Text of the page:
Goals in Google Analytics are the core and heart of lead generation for business to business (B2B) websites.
It’s certainly important to have traffic to your website, but if you don’t have lead capture in place, and if you don’t monitor which traffic source generates the most or best leads then you’re working in the dark.
With Goals and tracking in place you can review which activities generate and contribute to leads. You can make decisions to spend more time and effort in some areas over others. You can identify the pay-off for your activities to generate traffic through Search, Social media, Advertising and other sources.
Without Goals and tracking you may question what benefits you get from your website. You are less able to see the contribution that various activities make, and you are at risk of following trends and anecdotal views that ‘being #1 in the search engines for specific terms’ is a justifiable objective.
There are four types of goals that Google Analytics allows you to define. And you can define 20 goals per profile, in four groups of five. The types of goals, with a brief explanation are:
- URL Destination – a specific page, typically a ‘Thank-you’ page after someone has registered. This is probably the most important goal type for a website that has the objective of generating leads.
- Visit Duration – how long someone has been on the website. A publishing or news site might find this valuable.
- Page/visit – again an information website might find this useful, but for a blog or lead generation website where people typically read the latest article or register their interest it may be counter productive to try to increase this goal.
- Event – this is for in-page activity, such as viewing a video, viewing dynamic content, clicking to an external link and similar.
Creating similar goals into groups is advantageous, to be able to compare trends in a specific area and goal type over time.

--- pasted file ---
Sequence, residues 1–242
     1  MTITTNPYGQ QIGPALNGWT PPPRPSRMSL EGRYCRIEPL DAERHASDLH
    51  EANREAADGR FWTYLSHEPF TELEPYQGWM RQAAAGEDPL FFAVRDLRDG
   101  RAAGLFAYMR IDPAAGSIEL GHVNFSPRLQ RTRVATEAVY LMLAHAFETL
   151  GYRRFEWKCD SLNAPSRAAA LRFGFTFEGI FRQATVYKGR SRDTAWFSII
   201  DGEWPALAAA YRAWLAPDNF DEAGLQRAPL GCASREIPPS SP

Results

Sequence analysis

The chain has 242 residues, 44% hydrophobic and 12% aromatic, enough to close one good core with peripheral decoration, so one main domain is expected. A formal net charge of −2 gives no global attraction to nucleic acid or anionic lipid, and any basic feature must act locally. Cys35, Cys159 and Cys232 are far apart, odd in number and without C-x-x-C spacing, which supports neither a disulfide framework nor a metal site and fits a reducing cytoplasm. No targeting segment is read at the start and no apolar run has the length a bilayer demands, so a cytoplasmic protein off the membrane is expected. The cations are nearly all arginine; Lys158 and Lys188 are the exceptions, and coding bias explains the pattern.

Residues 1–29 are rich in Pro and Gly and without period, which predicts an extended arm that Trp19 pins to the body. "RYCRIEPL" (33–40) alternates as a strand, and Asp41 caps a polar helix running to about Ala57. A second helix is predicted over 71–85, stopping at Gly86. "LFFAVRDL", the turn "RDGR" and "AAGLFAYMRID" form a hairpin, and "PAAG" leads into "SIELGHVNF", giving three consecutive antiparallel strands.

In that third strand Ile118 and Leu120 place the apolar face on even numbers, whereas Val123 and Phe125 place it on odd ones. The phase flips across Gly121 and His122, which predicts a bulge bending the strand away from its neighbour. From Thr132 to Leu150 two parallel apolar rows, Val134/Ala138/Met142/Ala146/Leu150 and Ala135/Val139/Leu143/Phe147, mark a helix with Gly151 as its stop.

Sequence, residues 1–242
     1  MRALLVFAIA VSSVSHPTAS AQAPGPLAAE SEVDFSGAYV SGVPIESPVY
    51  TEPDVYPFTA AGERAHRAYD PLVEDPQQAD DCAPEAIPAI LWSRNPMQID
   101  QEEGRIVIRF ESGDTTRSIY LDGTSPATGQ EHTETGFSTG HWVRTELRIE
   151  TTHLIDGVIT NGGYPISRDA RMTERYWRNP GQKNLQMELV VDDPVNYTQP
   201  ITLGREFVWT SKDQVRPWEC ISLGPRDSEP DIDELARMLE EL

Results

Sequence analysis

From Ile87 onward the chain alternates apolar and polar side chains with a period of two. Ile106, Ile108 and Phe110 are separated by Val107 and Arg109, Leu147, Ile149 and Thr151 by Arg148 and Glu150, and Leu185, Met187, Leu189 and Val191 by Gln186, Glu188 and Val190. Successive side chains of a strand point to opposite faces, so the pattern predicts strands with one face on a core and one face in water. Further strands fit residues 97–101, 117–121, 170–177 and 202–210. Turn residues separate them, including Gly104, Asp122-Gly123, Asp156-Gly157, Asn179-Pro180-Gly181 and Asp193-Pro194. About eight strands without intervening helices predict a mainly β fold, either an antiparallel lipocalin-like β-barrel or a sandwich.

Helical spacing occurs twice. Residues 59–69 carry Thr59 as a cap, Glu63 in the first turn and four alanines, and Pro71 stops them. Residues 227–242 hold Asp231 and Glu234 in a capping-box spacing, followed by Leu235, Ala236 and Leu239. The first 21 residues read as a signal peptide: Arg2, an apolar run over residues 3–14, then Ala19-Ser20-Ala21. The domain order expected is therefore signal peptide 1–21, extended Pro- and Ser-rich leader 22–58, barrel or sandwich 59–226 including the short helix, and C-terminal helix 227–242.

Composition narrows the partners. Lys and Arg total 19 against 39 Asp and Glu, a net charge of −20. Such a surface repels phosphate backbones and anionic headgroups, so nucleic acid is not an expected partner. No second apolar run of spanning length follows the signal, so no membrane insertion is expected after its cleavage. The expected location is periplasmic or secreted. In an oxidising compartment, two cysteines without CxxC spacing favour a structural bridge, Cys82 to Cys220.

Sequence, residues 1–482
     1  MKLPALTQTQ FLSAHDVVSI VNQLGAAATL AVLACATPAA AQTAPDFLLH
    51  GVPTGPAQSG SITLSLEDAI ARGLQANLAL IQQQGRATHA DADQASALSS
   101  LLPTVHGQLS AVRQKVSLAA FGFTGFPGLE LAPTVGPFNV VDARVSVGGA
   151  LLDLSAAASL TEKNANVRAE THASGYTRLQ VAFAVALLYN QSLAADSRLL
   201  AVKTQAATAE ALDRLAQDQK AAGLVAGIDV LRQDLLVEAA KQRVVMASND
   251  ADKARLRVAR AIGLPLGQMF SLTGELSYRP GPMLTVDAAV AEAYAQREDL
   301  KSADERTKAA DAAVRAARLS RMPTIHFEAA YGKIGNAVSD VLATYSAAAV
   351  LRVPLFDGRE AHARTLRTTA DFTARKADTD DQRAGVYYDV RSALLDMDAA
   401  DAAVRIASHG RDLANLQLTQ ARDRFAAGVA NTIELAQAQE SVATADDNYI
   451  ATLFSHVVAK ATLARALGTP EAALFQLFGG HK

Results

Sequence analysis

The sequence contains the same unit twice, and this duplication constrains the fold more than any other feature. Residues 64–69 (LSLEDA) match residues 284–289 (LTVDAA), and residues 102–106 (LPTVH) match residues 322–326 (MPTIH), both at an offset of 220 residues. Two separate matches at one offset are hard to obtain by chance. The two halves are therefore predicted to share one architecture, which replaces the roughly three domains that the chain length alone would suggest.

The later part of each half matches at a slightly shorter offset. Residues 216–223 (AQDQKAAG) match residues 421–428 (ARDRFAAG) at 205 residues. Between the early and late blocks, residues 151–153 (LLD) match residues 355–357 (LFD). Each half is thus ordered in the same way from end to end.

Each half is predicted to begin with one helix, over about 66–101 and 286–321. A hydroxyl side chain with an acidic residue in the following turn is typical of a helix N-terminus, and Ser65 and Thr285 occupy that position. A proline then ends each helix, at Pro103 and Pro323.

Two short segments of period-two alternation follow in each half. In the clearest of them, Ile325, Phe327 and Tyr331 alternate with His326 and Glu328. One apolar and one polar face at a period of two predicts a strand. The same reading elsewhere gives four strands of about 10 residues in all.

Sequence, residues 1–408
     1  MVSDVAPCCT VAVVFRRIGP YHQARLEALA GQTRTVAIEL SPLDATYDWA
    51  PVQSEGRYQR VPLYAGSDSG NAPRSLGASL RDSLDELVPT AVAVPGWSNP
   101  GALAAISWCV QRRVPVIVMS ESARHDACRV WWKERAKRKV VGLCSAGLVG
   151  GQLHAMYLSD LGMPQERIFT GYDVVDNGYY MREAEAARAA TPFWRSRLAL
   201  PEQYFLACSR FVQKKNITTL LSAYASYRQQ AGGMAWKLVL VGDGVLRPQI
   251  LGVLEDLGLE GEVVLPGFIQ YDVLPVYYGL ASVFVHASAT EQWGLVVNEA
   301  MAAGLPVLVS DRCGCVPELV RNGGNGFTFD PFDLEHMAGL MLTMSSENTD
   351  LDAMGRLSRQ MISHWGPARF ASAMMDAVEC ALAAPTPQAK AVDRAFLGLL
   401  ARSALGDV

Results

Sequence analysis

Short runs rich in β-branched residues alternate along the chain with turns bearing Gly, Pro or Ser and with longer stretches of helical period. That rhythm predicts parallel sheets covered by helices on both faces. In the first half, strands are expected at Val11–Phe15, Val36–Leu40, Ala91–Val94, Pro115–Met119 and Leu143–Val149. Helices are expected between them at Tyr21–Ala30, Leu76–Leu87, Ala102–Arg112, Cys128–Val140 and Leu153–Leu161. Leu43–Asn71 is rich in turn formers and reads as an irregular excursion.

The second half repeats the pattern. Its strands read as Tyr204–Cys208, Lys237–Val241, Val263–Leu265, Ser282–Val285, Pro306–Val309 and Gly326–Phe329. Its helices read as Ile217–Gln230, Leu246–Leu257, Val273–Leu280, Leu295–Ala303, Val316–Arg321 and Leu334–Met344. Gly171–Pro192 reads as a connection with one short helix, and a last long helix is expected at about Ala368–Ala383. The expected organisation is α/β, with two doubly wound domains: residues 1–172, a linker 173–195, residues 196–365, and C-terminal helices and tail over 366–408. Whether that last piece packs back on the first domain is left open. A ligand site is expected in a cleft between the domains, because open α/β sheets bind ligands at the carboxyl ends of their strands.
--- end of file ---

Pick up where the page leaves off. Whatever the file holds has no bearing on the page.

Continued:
This is illustrated in the example on the right, accessed via the Admin tab on the right of the Google Analytics screen.
For a business to business website, especially for a smaller company with relatively low traffic volumes, the level of internal or agency traffic to the website could be significant. Therefore it is useful to exclude this. Create a second profile before applying the filter. Then create goals in the second profile.
For large and more active websites it may be applicable to create multiple profiles, for example one for organic search, one for paid advertising, one for social media traffic. This will allow an additional 20 goals per profile to be created.
Assign a value to Goals in Google Analytics
There is the facility to add a financial value to the achievement of a goal. Therefore if you know, or sense that the value of someone registering for your e-newsletter is say £5 then you can add this.
And maybe someone registering for a webinar is worth £10, but someone visiting a product overview page is only worth £1.
This can create a ‘key performance indicator’ that you, your web manager or your web agency can track on say a weekly or monthly basis, and then see what impact additional activity and tweaks have over time.